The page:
The Initiative in Computation in Brain and Mind aims to bring together experts in theory and computation at Brown, link them to experimental brain scientists, and enable outstanding, multilevel and multidisciplinary training for undergraduates, graduates, and postdocs.
Computational methods have been enormously productive for understanding complexities inherent in natural systems — from the weather to aerodynamics, physics, and biology. The brain is perhaps the most complex (and interesting!) of these systems. The problem of understanding the relationship between brain and mind is so immensely complex that a close interaction among theorists and experimentalists is required to gain a deeper understanding of fundamental brain and cognitive processes. Because of the many levels spanning from molecules to cognition, multliple levels of computer simulations – from those focused on details of neuronal function to those focused on the abstract computations that emerge from these networks – can be fruitfully applied to bridge this gap. Brown is a place where these types of interactions regularly occur across faculty members and across students at all levels.
Brown neuroscientists and cognitive scientists rely on computational tools for two core purposes: (i) to develop and refine theories about the fundamental computations of mind and brain, used to guide and interpret experiments; (ii) to develop sophisticated statistical analysis tools for decoding neural data and predicting, for example, spike trains in a given neuronal population based on their spike history and to leverage this predictability for applications such as brain-machine interfaces. Other applications include the use of computational tools to automate the monitoring and analysis of behavioral neuroscience data.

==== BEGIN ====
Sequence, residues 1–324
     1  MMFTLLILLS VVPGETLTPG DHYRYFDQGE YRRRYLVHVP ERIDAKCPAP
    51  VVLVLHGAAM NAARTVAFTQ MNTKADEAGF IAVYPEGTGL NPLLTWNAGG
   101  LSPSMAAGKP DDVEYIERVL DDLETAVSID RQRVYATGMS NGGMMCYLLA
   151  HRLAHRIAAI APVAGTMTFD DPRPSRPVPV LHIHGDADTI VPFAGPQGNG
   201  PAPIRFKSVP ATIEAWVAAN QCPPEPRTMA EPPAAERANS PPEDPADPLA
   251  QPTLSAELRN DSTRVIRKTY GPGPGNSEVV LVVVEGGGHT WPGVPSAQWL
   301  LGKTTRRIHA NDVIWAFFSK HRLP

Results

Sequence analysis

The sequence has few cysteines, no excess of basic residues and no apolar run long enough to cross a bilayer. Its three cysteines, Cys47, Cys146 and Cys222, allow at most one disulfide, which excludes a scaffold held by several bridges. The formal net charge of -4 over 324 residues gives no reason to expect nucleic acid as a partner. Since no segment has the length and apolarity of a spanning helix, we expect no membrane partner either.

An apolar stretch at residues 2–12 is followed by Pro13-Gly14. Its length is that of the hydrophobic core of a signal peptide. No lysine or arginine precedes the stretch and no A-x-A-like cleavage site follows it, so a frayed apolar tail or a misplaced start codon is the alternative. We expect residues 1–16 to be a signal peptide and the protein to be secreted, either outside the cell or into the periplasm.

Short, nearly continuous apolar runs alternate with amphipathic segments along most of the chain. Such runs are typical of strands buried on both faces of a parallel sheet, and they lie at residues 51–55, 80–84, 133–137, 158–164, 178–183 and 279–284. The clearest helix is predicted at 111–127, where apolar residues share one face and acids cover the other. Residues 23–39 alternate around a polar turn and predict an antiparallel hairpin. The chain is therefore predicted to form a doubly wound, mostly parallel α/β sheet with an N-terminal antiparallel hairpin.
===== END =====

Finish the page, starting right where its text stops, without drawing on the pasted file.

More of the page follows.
Sophisticated mathematical and computational tools have been incredibly useful for understanding links across levels of analysis between mind and brain, from genes to molecules to cells to networks to behavior. Because of the complexity of the systems involved, understanding fundamental computations at each of these levels and their inter-relations is absolutely critical for progress. Advances in this field are not only instrumental in furthering basic science, but are also desperately needed to better explain the neural basis of psychiatric and neurological mental illnesses (core level i) and for applying statistical methods (core ii) in combination with engineering methods to proactively develop treatments via brain machine interfaces.
Brown has particular expertise in computational approaches to higher order brain function, from perception to cognition, spaning departments of Neuroscience, Cognitive, Linguistic & Psychological Sciences, Applied Mathematics, Computer Science, Neurosurgery, Biostatistics, and Engineering. Most of these faculties cross theory and experiment, but primary foci are listed here:
Core level i
- Computational perception: Theories about how the brain integrates sensory information to give rise to percepts, constrained by biophysics and computational objectives.
- Control over action: reinforcement learning, decision making, and cognitive control.
- Fundamental questions in neural computation: synaptic plasticity, circuits, networks.
Core level ii
- Neurotechnology: brain-machine interface, advanced neural data analysis.
- Automated collection of neuroscience data, e.g. via computer vision and annotation.
- These core areas are supported by boundary-pushing development of technical and analytic methods in Computer Science an Applied Mathematics.
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